We are in alignment with many of the revisions in the proposed rule, but we would like to see the following amendments:
- Specify that e-bikes are permitted on both paved and unpaved trails: “Consistent with the Secretary’s Order and the Policy Memorandum, the proposed rule would state that e-bikes may be allowed on roads, parking areas, administrative roads and trails (paved and unpaved) that are open to traditional bicycles.”
- Allow for the use of throttle-only bikes or Class 2 e-bikes. Class 2 e-bikes make cycling possible for many individuals who are unable to pedal. These low-speed throttle-assisted electric bicycles are equipped with motors that can exclusively propel the bicycle, but cannot provide assistance once the bike reaches 20 mph.
At WABA we believe that the joy and convenience of bicycling should not be limited to the physically and financially privileged. The public has until June 8th to comment on these proposed regulations. We encourage you to support this rulemaking and help improve access for e-bike riders of all abilities around the country.
Visit this page to read the proposed rule or submit your comments here! To make things easy, you can copy and paste our own comments in the comment field. The public comment period closes on June 8th.
Prince George’s County is home to miles of beautiful and well-used paved trails for transportation and recreation. Bladensburg Waterfront Park alone sees more than 1,000 people on an average summer Saturday, and the trails are a great place for walks with friends, training for a 5K or going to the grocery store on a car-free, stress-free corridor.
Prince George’s County is working towards creating and expanding a regional network of world-class trails, and world-class trails networks require consistent field presence to support trails users and address maintenance issues.
The Washington Area Bicyclist Association (WABA), in collaboration with Maryland Milestones/ATHA Inc., proposes an expansion of our current trail maintenance program into Prince George’s County. These trail ambassadors will help maintain the bicycle commuter and recreation routes made up by the Anacostia Tributary Trails (Northwest Branch and Northeast Branch) and Rhode Island Avenue Trolley Trail. The program is modeled on the success of the Trail Ranger program that has been in operation in the District of Columbia since 2013.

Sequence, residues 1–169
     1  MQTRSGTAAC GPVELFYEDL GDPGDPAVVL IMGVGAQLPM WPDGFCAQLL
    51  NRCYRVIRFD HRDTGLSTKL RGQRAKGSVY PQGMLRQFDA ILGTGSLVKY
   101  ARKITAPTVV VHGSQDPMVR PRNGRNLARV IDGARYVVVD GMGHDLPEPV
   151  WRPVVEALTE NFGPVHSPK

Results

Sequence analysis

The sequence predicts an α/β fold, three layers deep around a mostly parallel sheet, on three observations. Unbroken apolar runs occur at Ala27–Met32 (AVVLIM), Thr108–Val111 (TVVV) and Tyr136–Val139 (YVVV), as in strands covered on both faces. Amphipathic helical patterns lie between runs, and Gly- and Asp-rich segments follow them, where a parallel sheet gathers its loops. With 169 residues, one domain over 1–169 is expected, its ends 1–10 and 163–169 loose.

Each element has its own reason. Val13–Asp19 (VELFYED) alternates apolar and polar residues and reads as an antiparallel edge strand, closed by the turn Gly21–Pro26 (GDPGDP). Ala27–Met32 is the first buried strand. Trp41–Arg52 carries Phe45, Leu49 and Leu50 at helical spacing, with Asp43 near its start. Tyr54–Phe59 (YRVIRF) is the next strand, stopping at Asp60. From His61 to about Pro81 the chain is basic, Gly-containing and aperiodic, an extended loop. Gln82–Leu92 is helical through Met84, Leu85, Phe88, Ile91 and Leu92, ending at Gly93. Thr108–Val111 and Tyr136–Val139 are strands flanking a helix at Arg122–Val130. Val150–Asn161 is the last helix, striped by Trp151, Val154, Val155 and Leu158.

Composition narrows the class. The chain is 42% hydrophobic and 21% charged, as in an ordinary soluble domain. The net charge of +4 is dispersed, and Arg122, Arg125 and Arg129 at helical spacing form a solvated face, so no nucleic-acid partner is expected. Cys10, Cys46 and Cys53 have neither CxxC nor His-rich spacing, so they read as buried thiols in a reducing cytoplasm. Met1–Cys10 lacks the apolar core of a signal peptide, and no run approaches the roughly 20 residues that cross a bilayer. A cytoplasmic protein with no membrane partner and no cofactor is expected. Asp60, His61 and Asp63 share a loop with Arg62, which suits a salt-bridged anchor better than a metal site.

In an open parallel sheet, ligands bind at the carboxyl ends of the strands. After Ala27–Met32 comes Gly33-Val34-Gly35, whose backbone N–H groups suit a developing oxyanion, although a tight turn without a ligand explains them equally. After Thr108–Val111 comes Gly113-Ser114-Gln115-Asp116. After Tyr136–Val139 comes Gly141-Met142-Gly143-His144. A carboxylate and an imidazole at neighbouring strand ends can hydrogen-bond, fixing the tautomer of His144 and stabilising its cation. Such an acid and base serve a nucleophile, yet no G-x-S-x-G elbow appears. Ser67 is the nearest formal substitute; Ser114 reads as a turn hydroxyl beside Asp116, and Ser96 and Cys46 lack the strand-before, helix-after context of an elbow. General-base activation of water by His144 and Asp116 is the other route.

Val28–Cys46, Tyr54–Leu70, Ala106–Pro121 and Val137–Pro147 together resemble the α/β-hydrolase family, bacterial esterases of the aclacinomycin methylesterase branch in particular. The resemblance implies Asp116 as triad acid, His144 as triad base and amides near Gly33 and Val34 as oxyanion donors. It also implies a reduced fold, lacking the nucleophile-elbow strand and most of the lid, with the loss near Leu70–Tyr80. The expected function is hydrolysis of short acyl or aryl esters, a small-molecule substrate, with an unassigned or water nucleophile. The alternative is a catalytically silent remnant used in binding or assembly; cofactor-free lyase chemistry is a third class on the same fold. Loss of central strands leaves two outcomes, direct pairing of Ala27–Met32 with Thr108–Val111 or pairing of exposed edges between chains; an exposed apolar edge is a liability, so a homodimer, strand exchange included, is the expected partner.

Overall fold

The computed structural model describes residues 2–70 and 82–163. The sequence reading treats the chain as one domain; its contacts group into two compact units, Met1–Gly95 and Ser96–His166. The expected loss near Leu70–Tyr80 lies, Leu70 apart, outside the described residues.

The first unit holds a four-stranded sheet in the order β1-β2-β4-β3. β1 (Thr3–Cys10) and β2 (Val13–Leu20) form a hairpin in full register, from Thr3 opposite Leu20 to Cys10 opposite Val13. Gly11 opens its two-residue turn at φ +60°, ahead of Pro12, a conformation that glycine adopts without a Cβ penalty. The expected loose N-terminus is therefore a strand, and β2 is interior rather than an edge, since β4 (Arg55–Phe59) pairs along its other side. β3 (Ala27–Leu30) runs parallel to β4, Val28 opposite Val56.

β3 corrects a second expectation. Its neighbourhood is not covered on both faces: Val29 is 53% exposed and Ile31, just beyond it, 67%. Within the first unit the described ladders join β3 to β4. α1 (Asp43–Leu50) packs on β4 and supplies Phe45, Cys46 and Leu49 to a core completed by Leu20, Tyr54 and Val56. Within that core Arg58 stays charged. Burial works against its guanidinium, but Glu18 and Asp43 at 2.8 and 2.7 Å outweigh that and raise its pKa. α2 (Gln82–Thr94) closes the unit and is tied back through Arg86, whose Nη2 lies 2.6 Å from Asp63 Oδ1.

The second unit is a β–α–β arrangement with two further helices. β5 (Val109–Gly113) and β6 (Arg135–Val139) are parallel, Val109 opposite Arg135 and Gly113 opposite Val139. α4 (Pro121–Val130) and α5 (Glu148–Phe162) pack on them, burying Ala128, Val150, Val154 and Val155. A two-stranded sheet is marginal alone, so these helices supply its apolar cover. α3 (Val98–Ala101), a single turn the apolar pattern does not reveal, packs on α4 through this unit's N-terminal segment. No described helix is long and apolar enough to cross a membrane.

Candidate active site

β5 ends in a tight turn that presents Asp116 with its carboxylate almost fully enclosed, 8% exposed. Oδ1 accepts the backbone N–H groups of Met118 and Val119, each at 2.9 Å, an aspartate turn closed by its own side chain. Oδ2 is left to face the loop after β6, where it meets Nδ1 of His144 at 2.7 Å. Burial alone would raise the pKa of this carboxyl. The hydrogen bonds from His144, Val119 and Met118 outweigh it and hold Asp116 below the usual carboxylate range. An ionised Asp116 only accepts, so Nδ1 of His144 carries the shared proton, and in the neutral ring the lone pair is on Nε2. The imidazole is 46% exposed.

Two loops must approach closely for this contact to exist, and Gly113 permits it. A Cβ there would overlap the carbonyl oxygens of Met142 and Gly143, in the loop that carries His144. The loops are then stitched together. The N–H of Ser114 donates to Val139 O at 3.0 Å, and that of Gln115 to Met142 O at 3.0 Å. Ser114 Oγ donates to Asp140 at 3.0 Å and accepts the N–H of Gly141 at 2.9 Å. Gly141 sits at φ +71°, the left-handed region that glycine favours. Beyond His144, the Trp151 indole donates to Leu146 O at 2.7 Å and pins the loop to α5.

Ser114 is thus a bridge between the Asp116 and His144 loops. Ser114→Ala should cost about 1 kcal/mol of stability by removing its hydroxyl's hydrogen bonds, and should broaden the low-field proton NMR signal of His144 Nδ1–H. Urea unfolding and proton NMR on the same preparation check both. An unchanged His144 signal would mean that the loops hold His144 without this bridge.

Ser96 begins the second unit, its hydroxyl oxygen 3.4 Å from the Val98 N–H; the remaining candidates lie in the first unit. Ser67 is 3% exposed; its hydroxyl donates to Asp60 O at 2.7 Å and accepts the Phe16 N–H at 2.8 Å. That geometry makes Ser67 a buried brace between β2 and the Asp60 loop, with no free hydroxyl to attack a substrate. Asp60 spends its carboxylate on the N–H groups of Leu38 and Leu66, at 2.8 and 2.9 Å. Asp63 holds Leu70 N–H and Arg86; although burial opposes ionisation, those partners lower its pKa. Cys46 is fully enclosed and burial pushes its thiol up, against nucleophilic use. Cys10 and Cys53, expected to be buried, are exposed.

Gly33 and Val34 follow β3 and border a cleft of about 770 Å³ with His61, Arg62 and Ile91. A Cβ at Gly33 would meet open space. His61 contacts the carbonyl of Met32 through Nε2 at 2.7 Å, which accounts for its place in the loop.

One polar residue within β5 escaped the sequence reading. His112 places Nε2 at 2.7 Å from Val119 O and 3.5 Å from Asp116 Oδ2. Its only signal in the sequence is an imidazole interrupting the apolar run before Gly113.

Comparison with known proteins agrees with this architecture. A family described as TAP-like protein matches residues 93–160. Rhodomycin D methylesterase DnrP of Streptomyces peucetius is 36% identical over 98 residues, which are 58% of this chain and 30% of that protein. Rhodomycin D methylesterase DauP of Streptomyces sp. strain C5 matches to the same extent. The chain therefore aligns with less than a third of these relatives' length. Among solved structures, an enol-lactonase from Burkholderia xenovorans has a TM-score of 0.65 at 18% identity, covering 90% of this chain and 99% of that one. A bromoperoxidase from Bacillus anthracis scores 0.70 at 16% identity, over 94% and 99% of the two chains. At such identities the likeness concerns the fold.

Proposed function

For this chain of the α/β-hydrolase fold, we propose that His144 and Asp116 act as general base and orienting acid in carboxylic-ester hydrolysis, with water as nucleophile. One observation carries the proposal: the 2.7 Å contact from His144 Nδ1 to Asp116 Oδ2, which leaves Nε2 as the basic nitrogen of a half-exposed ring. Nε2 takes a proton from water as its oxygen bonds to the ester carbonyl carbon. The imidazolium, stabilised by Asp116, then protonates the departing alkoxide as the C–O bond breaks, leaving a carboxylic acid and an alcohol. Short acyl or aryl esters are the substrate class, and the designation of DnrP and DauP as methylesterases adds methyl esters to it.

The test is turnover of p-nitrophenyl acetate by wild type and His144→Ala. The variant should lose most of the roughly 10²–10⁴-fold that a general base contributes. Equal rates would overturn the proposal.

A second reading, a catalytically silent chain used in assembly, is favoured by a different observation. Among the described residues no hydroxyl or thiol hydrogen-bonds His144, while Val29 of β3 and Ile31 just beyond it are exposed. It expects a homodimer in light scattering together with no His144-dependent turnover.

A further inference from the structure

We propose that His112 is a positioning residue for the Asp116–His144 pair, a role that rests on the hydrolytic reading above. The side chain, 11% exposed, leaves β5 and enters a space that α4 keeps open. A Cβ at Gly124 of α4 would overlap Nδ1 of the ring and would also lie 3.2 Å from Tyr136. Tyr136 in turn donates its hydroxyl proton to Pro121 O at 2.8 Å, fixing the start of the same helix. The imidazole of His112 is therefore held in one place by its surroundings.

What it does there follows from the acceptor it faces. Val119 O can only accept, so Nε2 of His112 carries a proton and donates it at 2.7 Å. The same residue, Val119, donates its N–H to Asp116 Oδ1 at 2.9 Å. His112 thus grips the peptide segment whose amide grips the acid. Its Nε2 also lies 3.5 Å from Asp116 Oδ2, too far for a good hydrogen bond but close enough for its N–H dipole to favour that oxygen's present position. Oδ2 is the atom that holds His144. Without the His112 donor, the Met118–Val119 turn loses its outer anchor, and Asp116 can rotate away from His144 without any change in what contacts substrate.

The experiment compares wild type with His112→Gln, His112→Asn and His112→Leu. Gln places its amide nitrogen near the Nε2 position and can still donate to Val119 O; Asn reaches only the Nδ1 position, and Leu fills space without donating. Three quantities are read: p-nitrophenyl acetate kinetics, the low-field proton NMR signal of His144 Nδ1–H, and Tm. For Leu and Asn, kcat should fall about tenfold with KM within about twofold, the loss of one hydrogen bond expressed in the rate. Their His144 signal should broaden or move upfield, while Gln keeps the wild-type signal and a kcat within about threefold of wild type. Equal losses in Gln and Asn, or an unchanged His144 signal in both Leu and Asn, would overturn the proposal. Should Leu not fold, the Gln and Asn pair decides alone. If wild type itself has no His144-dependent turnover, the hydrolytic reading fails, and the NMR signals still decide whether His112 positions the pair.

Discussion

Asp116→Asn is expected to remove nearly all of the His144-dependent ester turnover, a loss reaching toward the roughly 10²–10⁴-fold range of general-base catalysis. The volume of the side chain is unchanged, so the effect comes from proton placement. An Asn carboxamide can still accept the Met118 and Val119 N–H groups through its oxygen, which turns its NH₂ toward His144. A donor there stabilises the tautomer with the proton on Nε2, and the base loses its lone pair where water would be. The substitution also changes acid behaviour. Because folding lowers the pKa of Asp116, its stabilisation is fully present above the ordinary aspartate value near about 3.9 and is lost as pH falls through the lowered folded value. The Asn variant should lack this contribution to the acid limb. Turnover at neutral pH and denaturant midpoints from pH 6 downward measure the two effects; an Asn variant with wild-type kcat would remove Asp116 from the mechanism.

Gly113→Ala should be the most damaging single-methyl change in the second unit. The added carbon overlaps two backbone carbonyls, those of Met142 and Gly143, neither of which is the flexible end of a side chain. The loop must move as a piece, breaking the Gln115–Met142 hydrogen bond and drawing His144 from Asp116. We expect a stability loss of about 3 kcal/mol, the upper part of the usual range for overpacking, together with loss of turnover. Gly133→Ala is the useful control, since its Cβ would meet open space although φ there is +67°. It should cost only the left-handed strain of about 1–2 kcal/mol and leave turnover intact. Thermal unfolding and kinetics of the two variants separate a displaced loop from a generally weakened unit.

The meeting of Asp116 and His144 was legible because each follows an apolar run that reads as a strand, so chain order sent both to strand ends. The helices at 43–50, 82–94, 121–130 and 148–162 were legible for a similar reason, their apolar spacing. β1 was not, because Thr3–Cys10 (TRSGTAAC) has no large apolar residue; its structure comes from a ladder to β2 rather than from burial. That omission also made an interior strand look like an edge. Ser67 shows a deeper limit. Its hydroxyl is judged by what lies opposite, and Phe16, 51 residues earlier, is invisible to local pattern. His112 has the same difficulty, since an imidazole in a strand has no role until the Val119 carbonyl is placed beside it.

Are you a resident of Prince George’s County? Sign our petition to let the Prince George’s County Planning Board know that you would like to see WABA’s friendly ambassadors on County trails!
This petition will be included in WABA’s written comments to the County Planning Board’s annual budget process. Prince George’s County Planning Board is part of the Maryland-National Capital Park and Planning Commission (M-NCPPC), the bi-county agency that administers parks and planning in Montgomery and Prince George’s Counties in Maryland.
Do you know about the bridge across the Patuxent River that will connect the two pieces of the Washington, Baltimore and Annapolis (WB&A) Trail?
Well, it’s going to be amazing. AND it’s one step closer to reality!
Anne Arundel County’s Department of Public Works (DPW) and the Department of Recreation & Parks will host a public meeting to discuss the WB&A Trail Bridge at Patuxent River Capital Project.
What: WB&A Trail Bridge Public Meeting (more info)
When: Wednesday, February 13, 6 pm
Where: Two Rivers Community Center/Clubhouse, 1425 Two Rivers Blvd, Odenton, MD 21113
Submit written comments: Email Dawn Thomas (firstname.lastname@example.org)
The WB&A Trail has a gorgeous segment in Anne Arundel County, and an equally fantastic portion in Prince George’s County. But the trail is cut apart by a significant barrier—the Patuxent River.
Last year, the project was awarded $4.7M, proving that the bridge was a priority for Maryland. The WB&A Trail has been a WABA priority for decades, and this funding commitment was an important win.
The trail bridge will be located south of Conway Road in Odenton and will connect the two trail segments. And it’s not just about local connectivity—this link will be a component of national trails, like the East Coast Greenway and American Discovery Trail!